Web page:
Meyer Lemon Curd and Lemon Tart
There’s been an anglo-wave sweeping across Paris the past few years, and the latest to excite Parisians has been the return of Marks & Spencer. Their last store in France closed over a decade ago and after a lot of speculation, and anticipation, they’re back. Their initial rentrée was a shop on the Champs-Elysées, which gives more room to clothes than it does to the food. I’ve never heard anyone say they missed the selection of clothes that were available, but a lot of people – French and otherwise – got a little misty eyed over the loss of the availability of scones, le cheddar (pronounced ched-aire), streaky bacon, Chicken Tikka Masala and, my favorite, the crumpets. Since then, they’ve gone on to open specialty food stores in various neighborhoods, to great success.
On British import that’s hard to explain is “curd,” which doesn’t quite translate into something that sounds like it would be tasty, even in English. Explanations tend to bring up notions of curdled custards, lumpy messes floating in a cloudy broth. But in spite of the connotations the word brings up, French people like lemon curd as much as Americans, and British, and I am sure someone else will point out that others like it, too. So let’s just agree that everybody loves lemon curd. (Okay, there are probably some people who don’t like lemon curd. But I’ve not met anyone yet.)
Most lemon curd is made with tart Eureka lemons, the kind that lend a wonderful puckery character to lemon desserts. (Well, wonderful to those of us that love it.) However someone gifted me a basket of Meyer lemons, which are familiar to Californians, who enjoy their fragrant, sweet juices, as well as a marvelously heady, perfumed zest. Italians have their Amalfi lemons and the Provençaux have their lemons from Menton, a French city that borders Italy, where an annual Fête du Citron takes place, featuring day and night parades with highly ornate floats decorated with thousands of lemons, and other citrus fruits.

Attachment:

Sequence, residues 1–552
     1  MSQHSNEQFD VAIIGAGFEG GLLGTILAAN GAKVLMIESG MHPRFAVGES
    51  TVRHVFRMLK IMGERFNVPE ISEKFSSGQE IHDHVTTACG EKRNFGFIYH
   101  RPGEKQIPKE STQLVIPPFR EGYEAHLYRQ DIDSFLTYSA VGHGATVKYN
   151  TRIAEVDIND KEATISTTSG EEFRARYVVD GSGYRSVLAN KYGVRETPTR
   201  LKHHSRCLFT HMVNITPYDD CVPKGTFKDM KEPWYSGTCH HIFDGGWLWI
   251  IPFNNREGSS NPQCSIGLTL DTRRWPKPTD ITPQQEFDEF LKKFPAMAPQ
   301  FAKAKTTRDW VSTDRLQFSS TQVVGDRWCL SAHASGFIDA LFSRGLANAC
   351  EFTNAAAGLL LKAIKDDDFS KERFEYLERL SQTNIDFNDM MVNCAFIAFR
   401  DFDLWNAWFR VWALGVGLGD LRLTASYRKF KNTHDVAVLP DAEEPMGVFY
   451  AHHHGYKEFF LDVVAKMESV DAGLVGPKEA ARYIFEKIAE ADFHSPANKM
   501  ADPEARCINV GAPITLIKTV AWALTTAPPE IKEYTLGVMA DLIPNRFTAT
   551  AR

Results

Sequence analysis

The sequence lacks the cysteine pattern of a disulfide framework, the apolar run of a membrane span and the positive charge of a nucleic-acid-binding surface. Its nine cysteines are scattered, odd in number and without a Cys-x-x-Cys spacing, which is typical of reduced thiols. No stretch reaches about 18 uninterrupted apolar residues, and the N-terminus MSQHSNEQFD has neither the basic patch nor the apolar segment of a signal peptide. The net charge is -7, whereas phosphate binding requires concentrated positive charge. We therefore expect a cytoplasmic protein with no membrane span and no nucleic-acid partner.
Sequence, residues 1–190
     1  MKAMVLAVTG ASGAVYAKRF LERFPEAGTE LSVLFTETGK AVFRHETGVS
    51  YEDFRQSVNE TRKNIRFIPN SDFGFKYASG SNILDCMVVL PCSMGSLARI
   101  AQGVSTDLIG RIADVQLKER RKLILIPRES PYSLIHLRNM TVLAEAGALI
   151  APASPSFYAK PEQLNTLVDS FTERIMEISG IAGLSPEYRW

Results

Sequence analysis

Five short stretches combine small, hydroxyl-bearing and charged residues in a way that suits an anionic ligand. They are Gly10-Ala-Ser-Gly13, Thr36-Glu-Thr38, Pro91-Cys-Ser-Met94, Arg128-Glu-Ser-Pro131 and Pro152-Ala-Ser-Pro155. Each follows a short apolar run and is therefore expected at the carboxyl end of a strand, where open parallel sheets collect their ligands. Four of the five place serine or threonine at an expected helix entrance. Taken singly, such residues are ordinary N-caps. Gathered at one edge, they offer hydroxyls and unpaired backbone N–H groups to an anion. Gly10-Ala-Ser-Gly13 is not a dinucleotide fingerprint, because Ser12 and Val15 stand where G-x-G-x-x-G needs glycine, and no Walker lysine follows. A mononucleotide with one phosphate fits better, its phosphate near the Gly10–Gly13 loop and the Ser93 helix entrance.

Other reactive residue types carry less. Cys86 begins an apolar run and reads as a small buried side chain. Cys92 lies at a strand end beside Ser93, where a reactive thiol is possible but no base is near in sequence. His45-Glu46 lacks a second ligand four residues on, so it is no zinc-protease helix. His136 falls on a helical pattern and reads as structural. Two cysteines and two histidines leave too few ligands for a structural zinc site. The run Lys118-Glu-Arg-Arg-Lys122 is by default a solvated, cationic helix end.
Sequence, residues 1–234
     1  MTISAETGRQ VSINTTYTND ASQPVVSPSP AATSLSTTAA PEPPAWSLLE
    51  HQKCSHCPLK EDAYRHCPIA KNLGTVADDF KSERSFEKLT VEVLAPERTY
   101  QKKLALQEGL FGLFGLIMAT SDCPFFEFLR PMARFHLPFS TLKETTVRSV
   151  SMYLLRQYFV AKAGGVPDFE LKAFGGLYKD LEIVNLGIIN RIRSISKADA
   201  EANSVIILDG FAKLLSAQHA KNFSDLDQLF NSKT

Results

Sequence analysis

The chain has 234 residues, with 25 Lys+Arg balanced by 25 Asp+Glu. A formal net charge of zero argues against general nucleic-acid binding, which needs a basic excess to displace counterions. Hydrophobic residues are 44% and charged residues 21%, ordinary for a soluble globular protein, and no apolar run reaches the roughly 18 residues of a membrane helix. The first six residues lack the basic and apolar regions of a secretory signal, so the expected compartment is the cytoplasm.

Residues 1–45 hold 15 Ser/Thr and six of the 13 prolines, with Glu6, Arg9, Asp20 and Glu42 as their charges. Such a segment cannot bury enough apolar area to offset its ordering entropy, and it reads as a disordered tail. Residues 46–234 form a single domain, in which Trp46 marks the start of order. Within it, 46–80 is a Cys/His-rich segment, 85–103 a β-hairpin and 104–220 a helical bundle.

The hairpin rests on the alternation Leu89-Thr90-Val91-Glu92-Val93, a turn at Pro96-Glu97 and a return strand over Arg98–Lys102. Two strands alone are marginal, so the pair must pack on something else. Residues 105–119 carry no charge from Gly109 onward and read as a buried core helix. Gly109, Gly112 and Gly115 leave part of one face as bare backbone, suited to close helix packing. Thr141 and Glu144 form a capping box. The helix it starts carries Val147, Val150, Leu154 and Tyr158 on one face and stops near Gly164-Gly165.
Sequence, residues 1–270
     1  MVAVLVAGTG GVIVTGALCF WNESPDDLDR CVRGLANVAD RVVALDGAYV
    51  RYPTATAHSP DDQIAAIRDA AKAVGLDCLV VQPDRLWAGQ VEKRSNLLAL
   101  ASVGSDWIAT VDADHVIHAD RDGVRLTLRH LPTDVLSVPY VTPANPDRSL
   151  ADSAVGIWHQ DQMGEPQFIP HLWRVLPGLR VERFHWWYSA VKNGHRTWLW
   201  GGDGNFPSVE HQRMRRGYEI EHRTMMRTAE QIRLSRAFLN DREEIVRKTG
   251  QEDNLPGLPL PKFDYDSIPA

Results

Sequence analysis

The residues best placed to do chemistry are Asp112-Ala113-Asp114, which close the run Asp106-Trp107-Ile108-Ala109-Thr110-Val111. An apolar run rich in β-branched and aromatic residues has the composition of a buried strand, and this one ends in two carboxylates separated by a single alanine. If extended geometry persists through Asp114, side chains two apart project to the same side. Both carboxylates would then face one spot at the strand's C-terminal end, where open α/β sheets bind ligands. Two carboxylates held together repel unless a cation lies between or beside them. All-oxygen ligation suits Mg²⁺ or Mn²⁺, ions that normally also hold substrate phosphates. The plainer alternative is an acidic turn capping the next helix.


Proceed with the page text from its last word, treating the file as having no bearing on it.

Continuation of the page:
I had big plans for my own little stash of lemons. But then, the holidays rolled around and other cooking projects took priority. And they kind of got put into the “too good to use” category of things that one saves for something special – so special that you don’t want to use them. My Meyer lemons rolled around in the fruit bin in my refrigerator, knocking against the sides of the drawer every time I opened it, to remind me that they were still there.
I didn’t want my precious lemons to suffer the indignity of a slow, moldy death in the back of my refrigerator. So I pulled them out and made a batch of Meyer lemon curd with them. Like blood oranges, cutting into each Meyer lemon is a joy, because the outside reveals little of the splendor within. When you slice a Meyer lemon in half, a spray of flavorful oils spritzes out, making it hard to resist putting one of the halves up to you nose, and inhaling deeply to take it all in.
Lemon curd is very simple to make. It’s made like a custard, using freshly squeezed lemon juice, some zest for additional flavor, sugar, butter, and eggs. I’ve made versions with milk and starch, but this one is nice when used as a cake filling, spread between two layers of spongecake, and iced with whipped cream. It’s also good piped into cream puffs, served with warm caramel sauce, which was my intention. But the end-of-the year got the best of me and I ended up being mired in last-minute paperwork and dealing with all that less-fun stuff that needs to be taken care of to wrap up the year, and my curd ended up in a jar in my refrigerator.
However mornings were better once I: A) Stopped reading email until after breakfast (as in, well after it…), and B) I had a couple of pots of sunny Meyer lemon curd to wake up to, and spread on my morning toast.